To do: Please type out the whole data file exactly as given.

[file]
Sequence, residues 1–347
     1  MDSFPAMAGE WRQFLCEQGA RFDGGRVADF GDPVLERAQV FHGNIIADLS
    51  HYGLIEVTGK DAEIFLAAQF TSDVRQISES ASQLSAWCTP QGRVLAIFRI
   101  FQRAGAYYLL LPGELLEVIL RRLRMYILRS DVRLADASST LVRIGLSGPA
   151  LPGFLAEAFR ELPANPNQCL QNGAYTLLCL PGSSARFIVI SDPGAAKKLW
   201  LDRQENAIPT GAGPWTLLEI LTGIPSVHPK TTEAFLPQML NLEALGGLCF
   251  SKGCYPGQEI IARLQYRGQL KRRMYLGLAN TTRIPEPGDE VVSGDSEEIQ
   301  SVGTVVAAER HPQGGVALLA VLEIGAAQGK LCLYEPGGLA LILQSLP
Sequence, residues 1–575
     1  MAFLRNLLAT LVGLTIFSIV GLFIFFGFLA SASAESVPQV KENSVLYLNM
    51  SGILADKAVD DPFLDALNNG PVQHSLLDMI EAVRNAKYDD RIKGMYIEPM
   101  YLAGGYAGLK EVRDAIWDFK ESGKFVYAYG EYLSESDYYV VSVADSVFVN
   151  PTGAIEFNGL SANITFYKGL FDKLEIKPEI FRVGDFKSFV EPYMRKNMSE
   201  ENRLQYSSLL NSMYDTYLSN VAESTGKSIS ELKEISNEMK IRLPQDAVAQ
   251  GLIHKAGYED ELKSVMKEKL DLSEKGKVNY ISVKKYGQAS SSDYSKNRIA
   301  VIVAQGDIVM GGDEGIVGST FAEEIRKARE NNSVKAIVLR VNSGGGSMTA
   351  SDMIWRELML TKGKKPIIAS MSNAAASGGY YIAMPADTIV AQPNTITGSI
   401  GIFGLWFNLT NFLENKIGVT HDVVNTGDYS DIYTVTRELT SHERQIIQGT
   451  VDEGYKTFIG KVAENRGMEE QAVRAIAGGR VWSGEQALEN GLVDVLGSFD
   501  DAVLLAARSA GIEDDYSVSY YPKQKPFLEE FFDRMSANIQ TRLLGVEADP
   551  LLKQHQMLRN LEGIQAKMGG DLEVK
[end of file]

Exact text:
Sequence, residues 1–347
     1  MDSFPAMAGE WRQFLCEQGA RFDGGRVADF GDPVLERAQV FHGNIIADLS
    51  HYGLIEVTGK DAEIFLAAQF TSDVRQISES ASQLSAWCTP QGRVLAIFRI
   101  FQRAGAYYLL LPGELLEVIL RRLRMYILRS DVRLADASST LVRIGLSGPA
   151  LPGFLAEAFR ELPANPNQCL QNGAYTLLCL PGSSARFIVI SDPGAAKKLW
   201  LDRQENAIPT GAGPWTLLEI LTGIPSVHPK TTEAFLPQML NLEALGGLCF
   251  SKGCYPGQEI IARLQYRGQL KRRMYLGLAN TTRIPEPGDE VVSGDSEEIQ
   301  SVGTVVAAER HPQGGVALLA VLEIGAAQGK LCLYEPGGLA LILQSLP
Sequence, residues 1–575
     1  MAFLRNLLAT LVGLTIFSIV GLFIFFGFLA SASAESVPQV KENSVLYLNM
    51  SGILADKAVD DPFLDALNNG PVQHSLLDMI EAVRNAKYDD RIKGMYIEPM
   101  YLAGGYAGLK EVRDAIWDFK ESGKFVYAYG EYLSESDYYV VSVADSVFVN
   151  PTGAIEFNGL SANITFYKGL FDKLEIKPEI FRVGDFKSFV EPYMRKNMSE
   201  ENRLQYSSLL NSMYDTYLSN VAESTGKSIS ELKEISNEMK IRLPQDAVAQ
   251  GLIHKAGYED ELKSVMKEKL DLSEKGKVNY ISVKKYGQAS SSDYSKNRIA
   301  VIVAQGDIVM GGDEGIVGST FAEEIRKARE NNSVKAIVLR VNSGGGSMTA
   351  SDMIWRELML TKGKKPIIAS MSNAAASGGY YIAMPADTIV AQPNTITGSI
   401  GIFGLWFNLT NFLENKIGVT HDVVNTGDYS DIYTVTRELT SHERQIIQGT
   451  VDEGYKTFIG KVAENRGMEE QAVRAIAGGR VWSGEQALEN GLVDVLGSFD
   501  DAVLLAARSA GIEDDYSVSY YPKQKPFLEE FFDRMSANIQ TRLLGVEADP
   551  LLKQHQMLRN LEGIQAKMGG DLEVK